Given the nature of Article 1, it is not surprising that we can discover no instance where this Court has struck down an act of the Vermont Legislature solely because of a violation of Article 1. The main reason is found in State v. Carruth, 85 Vt. 271, 81 A. 922 (1911), in which the defendant claimed that Article 1 gave him the right to shoot a deer on his land out of season, despite a criminal statute to the contrary. Concerning Article 1, this Court wrote: "Many things contained in the bill of rights found in our State Constitutions `are not, and from the very nature of the case cannot be, so certain and definite in character as to form rules for judicial decisions; and they are declared rather as guides to the legislative judgment than as marking an absolute limitation of power.'" Id. at 273-74, 81 A. at 923 (quoting Cooley, Constitutional Limitations 210).
The closest we have come is to hold that the liberty interest protected by Article 1 is sufficiently important that involuntary mental health treatment orders deny due process of law if of indefinite duration. See In re G.K., 147 Vt. 174, 178, 514 A.2d 1031, 1033 (1986); see also G.T. v. Stone, 159 Vt. 607, 613-14, 622 A.2d 491, 494-95 (1992) (Article 1 requires hearing before revocation of conditional discharge from state mental institution). The nature of the liberty interest in G.K. makes that precedent unhelpful to plaintiffs in this case.
The specific words on which plaintiffs rely lack the specificity that would show the presence of concrete rights applicable to these circumstances. Plaintiffs' right to pursue and obtain safety does not suggest the government is powerless to protect the safety of individuals. Indeed, our recent references to Article 1 suggest that the individual pursues safety through governmental action. See State v. Record, 150 Vt. 84, 87, 548 A.2d 422, 424 (1988). The juxtaposition of safety and happiness is consistent with a general statement of principle rather than an enforceable right. Cf. Welch v. Seery, 138 Vt. 126, 128, 411 A.2d 1351, 1352 (1980) (Article 6 is "but a truism of a republican form of government . . . [for which the] remedy . . . is that of popular election").
Plaintiffs also rely on their right of "enjoying and defending . . . liberty" as expressed in the Article. The term "liberty" is, of course, a centerpiece of the Fourteenth Amendment on which Solomon relies. We are willing to give a broad reading to the term "liberty," see Cadigan, 73 Vt. at 251, 50 A. at 1081, but it is a vast expansion of the term to find within it a right to ride helmetless on public highways. Thus, even if we were to interpret Article 1 as a specific, enforceable constraint on state regulatory action, the wording falls short of supporting plaintiffs' case.
We must also acknowledge that we have often treated what protections we have found in Article 1 as coextensive with those of the Fourteenth Amendment to the United States Constitution. See, e.g., Anchor Hocking Glass Corp. v. Barber, 118 Vt. 206, 219, 105 A.2d 271, 279-80 (1954); State v. Haskell, 84 Vt. 429, 441-42, 79 A. 852, 858 (1911). For example, in Haskell, when defendant argued that a criminal statute was unconstitutional under the Fourteenth Amendment to the United States Constitution and Articles 1 and 7 of the Vermont Constitution, this Court analyzed the challenge with respect to federal law and added "[w]hat we have said respecting the former is as well an answer to the latter." Haskell, 84 Vt. at 441-42, 79 A. at 858. The essential similarity in the purposes of the constitutional provisions can be explained by the analysis of Lincoln v. Smith, 27 Vt. 328, 361 (1855). There, the Court described Article 1 as "a recitation of some of the natural rights of men before entering into the social compact," id. at 340, but explained: "[W]hen men enter into the social compact, they give up a part of their natural rights, and consent that they shall be so far restrained in the enjoyment of them by the laws of society, as is necessary and expedient for the general advantage of the public." Id. at 339.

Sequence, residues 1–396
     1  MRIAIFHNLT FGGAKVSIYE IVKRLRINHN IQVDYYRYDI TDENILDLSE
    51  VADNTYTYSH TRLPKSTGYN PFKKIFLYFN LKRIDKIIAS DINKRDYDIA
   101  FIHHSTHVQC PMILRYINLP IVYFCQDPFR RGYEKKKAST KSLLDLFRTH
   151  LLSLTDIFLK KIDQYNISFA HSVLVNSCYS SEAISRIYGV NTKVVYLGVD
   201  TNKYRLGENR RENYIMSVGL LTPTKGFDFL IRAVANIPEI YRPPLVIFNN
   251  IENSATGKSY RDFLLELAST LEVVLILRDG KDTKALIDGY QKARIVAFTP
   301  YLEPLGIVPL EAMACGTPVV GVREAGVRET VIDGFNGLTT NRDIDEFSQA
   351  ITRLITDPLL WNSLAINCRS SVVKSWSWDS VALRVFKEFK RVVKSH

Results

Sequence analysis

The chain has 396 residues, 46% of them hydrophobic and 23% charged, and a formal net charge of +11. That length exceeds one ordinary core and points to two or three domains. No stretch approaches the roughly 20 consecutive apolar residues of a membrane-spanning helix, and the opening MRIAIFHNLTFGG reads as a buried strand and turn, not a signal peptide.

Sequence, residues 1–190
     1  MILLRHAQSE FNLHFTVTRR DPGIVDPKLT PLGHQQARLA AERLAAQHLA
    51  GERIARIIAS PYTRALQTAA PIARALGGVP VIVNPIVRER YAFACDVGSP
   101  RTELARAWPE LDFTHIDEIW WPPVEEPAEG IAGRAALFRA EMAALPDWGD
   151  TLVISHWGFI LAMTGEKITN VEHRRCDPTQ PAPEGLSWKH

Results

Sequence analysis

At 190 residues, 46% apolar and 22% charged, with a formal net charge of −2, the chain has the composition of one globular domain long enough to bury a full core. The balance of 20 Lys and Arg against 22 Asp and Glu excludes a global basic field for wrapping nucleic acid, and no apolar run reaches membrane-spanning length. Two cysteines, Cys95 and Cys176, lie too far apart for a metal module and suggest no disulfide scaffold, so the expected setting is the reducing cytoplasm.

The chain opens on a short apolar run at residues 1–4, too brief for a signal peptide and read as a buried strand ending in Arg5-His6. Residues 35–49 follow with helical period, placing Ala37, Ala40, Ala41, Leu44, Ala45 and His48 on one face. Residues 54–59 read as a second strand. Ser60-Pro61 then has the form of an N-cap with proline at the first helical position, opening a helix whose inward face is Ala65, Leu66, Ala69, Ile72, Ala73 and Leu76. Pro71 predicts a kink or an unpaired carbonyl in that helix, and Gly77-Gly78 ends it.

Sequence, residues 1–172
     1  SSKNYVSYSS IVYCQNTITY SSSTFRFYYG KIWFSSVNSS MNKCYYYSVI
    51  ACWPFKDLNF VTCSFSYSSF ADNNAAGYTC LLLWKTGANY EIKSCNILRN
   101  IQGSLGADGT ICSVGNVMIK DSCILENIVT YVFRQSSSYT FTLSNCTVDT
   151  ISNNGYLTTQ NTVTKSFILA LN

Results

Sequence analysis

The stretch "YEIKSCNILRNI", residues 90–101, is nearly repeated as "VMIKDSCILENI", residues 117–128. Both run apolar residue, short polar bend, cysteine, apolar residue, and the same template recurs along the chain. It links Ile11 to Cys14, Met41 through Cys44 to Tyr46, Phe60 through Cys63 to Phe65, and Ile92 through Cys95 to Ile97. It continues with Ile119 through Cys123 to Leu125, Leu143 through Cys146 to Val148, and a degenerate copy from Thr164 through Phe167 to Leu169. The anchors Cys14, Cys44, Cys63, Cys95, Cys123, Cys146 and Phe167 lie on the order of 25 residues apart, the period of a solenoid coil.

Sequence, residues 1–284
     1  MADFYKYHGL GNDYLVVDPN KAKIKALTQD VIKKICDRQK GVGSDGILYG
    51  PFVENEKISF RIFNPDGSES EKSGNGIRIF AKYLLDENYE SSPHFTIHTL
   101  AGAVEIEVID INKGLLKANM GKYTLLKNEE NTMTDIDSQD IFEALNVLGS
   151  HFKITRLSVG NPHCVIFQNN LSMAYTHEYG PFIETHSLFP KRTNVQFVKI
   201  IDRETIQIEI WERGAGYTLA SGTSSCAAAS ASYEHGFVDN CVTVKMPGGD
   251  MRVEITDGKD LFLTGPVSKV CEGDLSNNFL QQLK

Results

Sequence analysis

The decisions of other jurisdictions are equally unhelpful to plaintiffs. Plaintiffs cite the single case that has found a motorcycle helmet law unconstitutional, specifically rejecting the Solomon reasoning. See State v. Betts, 252 N.E.2d 866, 871-72 (Ohio 1969). The vast majority of state courts have adhered to reasoning similar to that of Solomon. See, e.g., Picou v. Gillum, 874 F.2d 1519, 1521 (11th Cir. 1989) (construing Florida law); Kingery v. Chapple, 504 P.2d 831, 835 (Alaska 1972); State v. Beeman, 541 P.2d 409, 410-11 (Ariz. Ct. App. 1975); Penney v. City of N. Little Rock, 455 S.W.2d 132, 134 (Ark. 1970); Love v. Bell, 465 P.2d 118, 122-23 (Colo. 1970); State v. Cotton, 516 P.2d 709, 711 (Haw. 1973); State v. Albertson, 470 P.2d 300, 303 (Idaho 1970); City of Wichita v. White, 469 P.2d 287, 291 (Kan. 1970); State v. Quinnam, 367 A.2d 1032, 1033 (Me. 1977); State v. Cushman, 451 S.W.2d 17, 19 (Mo. 1970); Robotham v. State, 488 N.W.2d 533, 540 (Neb. 1992). Although these decisions, like Solomon, are based primarily on the United States Constitution, some also reject state constitutional attacks. See, e.g., Robotham, 488 N.W.2d at 542. The United States Supreme Court has also rejected a due process attack on a helmet law, albeit by summary affirmance of a lower court decision. See Simon v. Sargent, 409 U.S. 1020 (1972), aff'g 346 F. Supp. 277, 279 (D. Mass.).